Picking up where we left off… “It ain’t over till it’s over”, as Yogi Berra legendarily used to say…
Here is a 48-hour tale about the medical crisis of a friend’s mother-in-law who resides in the Independent Living section of an assisted-living facility. When you’re finished reading this harrowing tale, tell me if you still believe you’re “done” once your aging parent is housed in a residence of some sort!
March 3, 2014 – It Starts in the Morning
Mom awakes with a sore and swollen leg. Thinking it was a spider bite, my friend tried to get a doctor to make an immediate house call. This didn’t happen. Instead, the facility’s doctor arrived just after lunch. Doc recommended they take her (at 94 years old) to Emergency for an ultra-sound to ensure the painful leg wasn’t a blood clot.
My friend’s husband was still at work with their car. She asked the home to send Mom via ambulance to a nearby hospital with which they were well familiar; they’d made plenty of support trips there for years. Long ago, they’d learned you sometimes get priority over walk-ins if you arrive at Emergency via ambulance.
Close-by hospitals were no longer accepting patients that day. Instead, they took Mom by ambulance to an inconvenient downtown location where my friend and her spouse met up around 5:30 p.m. They waited in the Triage hall with Paramedics for about 45 minutes. Once wheeled into Emergency, her stretcher was parked in a hallway next to the Central Nursing Station for several hours.
The Resident Doctor finally took down details at 10:30 p.m. The ER Doctor needed to see Mom so tests could be ordered. She didn’t get to the waiting trio until 11:00 p.m. due to other crises.
March 4 at 12:30 a.m. – Come Back Tomorrow
When all was said and done, it was so late there was no one left to do the ultra-sound! There was no other option but to repeat the whole ordeal the next day!
The new appointment time for tests was slated at 9:30 a.m. They were to return Emergency as a priority patient so the Doctor could provide treatment.
In the meantime, another complication arose overnight. Mom had to be taken first to a local lab to perform tests and adjust her blood thinners. There’d be no ambulance that day.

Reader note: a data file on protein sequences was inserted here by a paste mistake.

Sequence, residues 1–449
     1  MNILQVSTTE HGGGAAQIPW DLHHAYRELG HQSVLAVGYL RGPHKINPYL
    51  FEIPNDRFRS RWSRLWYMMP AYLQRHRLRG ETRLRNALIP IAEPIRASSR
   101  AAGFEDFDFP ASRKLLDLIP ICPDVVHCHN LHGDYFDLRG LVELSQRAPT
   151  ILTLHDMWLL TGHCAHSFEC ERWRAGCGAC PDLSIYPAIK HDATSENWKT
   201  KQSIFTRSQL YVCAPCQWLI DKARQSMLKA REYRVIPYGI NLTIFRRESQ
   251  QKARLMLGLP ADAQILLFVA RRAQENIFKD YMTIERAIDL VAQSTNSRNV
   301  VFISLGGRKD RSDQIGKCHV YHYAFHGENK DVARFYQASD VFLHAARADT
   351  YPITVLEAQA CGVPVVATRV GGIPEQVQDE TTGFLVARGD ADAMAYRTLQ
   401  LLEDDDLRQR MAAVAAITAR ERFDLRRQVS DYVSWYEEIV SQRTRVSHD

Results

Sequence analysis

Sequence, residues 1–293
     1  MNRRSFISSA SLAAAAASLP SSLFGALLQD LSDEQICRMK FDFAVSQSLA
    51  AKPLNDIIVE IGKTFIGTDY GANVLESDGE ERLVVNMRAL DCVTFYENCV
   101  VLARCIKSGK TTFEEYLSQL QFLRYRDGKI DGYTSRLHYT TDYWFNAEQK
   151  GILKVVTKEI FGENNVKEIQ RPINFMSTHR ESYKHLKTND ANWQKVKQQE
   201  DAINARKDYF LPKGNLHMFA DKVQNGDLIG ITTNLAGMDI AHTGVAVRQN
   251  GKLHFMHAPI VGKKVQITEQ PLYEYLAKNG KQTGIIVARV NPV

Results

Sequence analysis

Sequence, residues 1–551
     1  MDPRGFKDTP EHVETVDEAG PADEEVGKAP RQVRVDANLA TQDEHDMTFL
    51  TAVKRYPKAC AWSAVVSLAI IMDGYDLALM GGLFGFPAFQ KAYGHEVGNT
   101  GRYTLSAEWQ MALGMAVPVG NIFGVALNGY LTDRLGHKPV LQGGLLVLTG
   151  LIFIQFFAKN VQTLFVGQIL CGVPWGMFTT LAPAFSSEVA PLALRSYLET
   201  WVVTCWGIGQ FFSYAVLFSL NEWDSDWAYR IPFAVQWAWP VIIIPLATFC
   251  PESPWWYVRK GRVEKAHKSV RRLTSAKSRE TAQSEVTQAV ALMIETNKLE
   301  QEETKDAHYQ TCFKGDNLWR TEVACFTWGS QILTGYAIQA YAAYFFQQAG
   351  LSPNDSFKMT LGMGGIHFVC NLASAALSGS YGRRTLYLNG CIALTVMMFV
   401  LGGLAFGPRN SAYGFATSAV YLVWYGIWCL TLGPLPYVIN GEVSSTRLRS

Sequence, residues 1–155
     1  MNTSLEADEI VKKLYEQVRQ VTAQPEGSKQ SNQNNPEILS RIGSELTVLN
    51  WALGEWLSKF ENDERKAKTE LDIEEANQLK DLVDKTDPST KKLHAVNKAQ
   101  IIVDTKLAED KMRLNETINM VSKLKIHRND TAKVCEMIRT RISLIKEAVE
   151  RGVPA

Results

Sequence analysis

March 5 – Let’s Try This Again!
My friend had to take another day off work. She and her husband are entrepreneurs. By the way, sometimes people assume that those of us who are entrepreneurs have an easier time of eldercare. Not so! But my heart truly goes out to employees who get docked pay and more for needing to take such time “off”. More on that in another Blog…
In any case, they finally spent the morning of day 3 at the downtown hospital. Ultimately, Mom was bandaged up after the infection was deal with and sent packing with seven days of antibiotics. A quick pharmacy trip before supper-time was left.
Still, my friends checked in at the home every day for a week to ensure all ailments fully cleared up. During that entire distressing period, they averaged four hours of sleep per night.
Naturally, there is SO much I could say about their experience. Bear in mind that whole adventure was just one slice out of a 365-day year whilst supporting this aging mother for over a decade.
Did you note how this couple essentially handled everything themselves? The facility isn’t really present in any solutions. And anyone should wonder why I come across growing numbers of caregiver burnout magazine articles?
Let’s not even discuss this example of Canada’s healthcare model! Stay tuned for my follow-up book Coping with Un-cope-able Systems: ADVOCACY for Eldercare for publication in the spring. Until then, you can pick up Coping with Un-cope-able Parents: LOVING ACTION for Eldercare at www.copingwithuncopeableparents.com.